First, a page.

Dealing With A Safety Net

More M&A-insurance products are helping prepare risk-ridden merger candidates before the honeymoon.

In the purchase of the roofing- supply company, The United wanted to guarantee that the target’s pollution liabilities would not cause financial stress down the line. So ECS put together a single insurance policy with Reliance National Insurance, transferring the pollution risks of both the divested coal operations and the acquired roofing company. The insurance provides $4 million in aggregate protection above a $50,000 deductible. “Courts are getting broader by the day on pollution liability,” Griffin says. “This kind of insurance takes away any uncertainty, making business transactions run smoothly.”

Insurance companies also may need to cover their own M&A risks. When ACE Ltd., in Bermuda, considered buying the property/casualty insurance division of Cigna Corp. last year, it had concerns over the Philadelphia-based company’s environmental, asbestos, tobacco, and lead-paint liabilities. Cigna had restructured in 1996, putting all its liabilities prior to that year in the control of Brandywine Holdings Corp., a company Cigna formed just for that purpose. The new company was given $4 billion in capital assets to administer and to pay off the uncertain liability claims, giving Cigna some breathing room to continue normal operations.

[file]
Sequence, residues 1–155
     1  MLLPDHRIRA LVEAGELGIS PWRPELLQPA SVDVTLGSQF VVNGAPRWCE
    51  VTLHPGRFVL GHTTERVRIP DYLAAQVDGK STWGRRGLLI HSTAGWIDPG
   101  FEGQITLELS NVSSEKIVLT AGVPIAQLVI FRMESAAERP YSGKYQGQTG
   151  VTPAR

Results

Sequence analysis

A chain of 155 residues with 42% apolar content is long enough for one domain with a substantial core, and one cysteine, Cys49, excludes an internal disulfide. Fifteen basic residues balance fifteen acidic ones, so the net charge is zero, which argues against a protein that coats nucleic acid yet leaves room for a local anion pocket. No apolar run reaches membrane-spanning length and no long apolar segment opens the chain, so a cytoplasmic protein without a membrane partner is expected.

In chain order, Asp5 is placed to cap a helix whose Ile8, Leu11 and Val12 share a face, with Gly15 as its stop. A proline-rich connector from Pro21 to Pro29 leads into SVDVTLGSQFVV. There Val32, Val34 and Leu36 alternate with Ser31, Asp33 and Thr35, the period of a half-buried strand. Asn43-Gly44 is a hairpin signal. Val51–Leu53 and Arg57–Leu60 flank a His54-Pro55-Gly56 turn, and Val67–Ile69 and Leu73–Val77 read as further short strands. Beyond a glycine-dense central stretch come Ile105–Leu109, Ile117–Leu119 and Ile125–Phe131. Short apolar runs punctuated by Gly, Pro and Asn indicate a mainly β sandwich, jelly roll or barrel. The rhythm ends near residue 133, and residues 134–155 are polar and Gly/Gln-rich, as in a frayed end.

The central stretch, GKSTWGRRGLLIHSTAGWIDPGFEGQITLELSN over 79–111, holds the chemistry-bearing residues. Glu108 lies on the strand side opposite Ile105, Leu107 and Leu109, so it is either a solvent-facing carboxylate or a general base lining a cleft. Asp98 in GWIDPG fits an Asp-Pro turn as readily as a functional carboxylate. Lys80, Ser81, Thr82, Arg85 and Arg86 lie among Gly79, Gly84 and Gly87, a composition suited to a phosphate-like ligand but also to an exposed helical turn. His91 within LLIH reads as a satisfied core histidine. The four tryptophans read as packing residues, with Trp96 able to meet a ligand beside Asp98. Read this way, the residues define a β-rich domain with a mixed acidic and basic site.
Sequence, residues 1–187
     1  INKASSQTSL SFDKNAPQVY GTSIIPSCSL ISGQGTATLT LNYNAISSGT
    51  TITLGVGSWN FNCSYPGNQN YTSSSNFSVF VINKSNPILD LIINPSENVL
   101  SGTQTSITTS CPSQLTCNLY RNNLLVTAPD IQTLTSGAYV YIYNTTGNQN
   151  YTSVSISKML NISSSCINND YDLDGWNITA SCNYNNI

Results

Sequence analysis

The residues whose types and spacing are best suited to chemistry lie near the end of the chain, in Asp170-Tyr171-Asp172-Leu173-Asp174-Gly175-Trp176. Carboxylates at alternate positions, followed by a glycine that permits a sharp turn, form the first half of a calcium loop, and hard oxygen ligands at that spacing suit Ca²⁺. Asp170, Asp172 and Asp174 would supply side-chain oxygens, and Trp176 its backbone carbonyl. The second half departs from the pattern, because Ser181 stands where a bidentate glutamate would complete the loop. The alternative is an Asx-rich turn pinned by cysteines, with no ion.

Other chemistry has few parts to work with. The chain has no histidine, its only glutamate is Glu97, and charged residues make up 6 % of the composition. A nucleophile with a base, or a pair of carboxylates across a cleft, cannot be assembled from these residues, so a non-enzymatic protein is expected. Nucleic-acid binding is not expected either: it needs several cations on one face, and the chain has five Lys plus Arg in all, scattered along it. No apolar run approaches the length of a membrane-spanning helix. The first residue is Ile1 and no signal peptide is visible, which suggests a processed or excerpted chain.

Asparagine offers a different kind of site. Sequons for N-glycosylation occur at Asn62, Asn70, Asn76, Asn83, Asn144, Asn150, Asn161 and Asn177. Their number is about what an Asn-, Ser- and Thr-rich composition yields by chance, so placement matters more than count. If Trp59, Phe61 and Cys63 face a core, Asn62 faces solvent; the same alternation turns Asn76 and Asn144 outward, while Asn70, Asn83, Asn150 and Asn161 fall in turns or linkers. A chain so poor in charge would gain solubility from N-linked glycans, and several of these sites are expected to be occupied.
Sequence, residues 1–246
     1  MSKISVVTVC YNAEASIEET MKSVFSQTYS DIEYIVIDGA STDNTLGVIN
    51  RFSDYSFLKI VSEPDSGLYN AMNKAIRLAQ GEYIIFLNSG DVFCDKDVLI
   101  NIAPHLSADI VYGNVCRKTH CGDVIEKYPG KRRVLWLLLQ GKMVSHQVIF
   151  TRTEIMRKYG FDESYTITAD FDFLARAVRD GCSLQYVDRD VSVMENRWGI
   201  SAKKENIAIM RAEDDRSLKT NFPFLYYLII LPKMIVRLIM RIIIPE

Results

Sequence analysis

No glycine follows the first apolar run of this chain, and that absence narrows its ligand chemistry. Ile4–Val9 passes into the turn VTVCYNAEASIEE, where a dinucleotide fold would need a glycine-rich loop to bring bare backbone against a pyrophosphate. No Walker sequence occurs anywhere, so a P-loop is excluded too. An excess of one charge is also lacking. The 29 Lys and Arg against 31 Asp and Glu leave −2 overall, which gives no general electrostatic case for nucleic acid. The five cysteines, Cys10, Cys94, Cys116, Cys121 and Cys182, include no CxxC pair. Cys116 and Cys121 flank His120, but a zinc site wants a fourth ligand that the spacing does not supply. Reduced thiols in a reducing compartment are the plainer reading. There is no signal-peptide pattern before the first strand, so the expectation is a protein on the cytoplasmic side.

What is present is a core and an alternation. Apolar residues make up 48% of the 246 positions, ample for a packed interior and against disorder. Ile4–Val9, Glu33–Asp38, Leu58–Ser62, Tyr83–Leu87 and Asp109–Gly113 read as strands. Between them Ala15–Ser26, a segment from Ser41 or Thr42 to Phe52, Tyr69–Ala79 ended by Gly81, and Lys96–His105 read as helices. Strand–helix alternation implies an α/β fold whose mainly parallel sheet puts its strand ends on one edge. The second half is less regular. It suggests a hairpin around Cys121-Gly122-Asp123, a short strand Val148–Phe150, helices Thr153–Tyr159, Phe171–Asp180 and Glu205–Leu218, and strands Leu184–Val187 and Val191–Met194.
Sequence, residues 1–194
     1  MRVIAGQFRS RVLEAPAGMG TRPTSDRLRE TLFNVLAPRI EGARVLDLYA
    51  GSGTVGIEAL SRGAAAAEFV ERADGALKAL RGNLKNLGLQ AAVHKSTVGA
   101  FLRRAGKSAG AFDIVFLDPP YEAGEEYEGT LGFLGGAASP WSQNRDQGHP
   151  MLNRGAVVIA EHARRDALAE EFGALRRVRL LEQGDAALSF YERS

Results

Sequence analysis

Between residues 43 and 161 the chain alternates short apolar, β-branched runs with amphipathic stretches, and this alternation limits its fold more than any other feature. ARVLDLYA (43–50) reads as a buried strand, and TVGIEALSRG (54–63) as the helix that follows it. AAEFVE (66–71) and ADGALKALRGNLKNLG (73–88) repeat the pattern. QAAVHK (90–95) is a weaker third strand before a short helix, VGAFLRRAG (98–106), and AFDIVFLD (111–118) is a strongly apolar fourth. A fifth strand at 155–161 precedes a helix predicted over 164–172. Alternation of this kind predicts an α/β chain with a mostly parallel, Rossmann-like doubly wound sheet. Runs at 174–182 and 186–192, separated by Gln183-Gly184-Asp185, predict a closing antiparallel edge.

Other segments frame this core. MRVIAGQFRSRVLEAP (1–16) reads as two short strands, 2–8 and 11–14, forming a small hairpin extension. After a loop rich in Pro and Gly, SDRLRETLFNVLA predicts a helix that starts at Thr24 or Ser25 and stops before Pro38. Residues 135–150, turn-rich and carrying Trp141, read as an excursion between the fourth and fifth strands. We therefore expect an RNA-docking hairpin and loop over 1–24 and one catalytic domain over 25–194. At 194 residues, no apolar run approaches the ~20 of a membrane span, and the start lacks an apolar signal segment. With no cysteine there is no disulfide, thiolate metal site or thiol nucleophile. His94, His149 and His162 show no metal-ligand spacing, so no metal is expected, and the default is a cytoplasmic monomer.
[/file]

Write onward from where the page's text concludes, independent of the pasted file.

But when Cigna sought to sell its property/casualty business to ACE, the conservative 14-year-old insurer had trouble with Brandywine claims going “back into the dark ages,” says John Burville, ACE’s chief actuary, who reports to CFO Christopher Marshall. “We don’t like claims that have a long tail. Consequently, we wanted to buy some ‘sleep’ insurance that effectively got rid of this liability before we would undertake the acquisition.”

Enter Berkshire Hathaway Inc., Warren Buffett’s diversified insurance and financial services concern. ACE cut a complicated deal with Buffett calling for Berkshire Hathaway to assume $1.25 billion of Brandywine’s assets and liabilities in return for $2.5 billion in insurance coverage. “We gave them some asset-earning investment income to receive the sleep-easy coverage, while retaining a big block of reserves that earn interest for us,” Burville says.

Why Just Cross Fingers?

The breadth of items covered in the M&A-risk marketplace seems limited only by the imagination. Partners in mergers that eventually fall apart can even obtain insurance to pay the costs they incurred putting the deal together. “We represent Lloyd’s of London on what we call aborted-bid cost insurance, which provides coverage for a merger that fails because of things outside the parties’ control, like pressure from regulators or labor unions killing the deal,” says Patrick Tatro, president of TOI North America Inc., a Carson City, Nevada, managing general agency.

Not every company likes M&A-risk insurance. “It’s a product designed to accommodate bad business decisions,” argues Gary Nelson, vice president of risk management and legal administration at Medtronic Inc., a Minneapolis medical technology firm with $5 billion in anticipated fiscal-year 2000 revenues. Although a broker tried selling him on M&A insurance strategies for the five major acquisitions Medtronic completed in 1998 and 1999, Nelson passed on the offer. “Insurance should not be an excuse for not doing the risk manager’s job,” he says.

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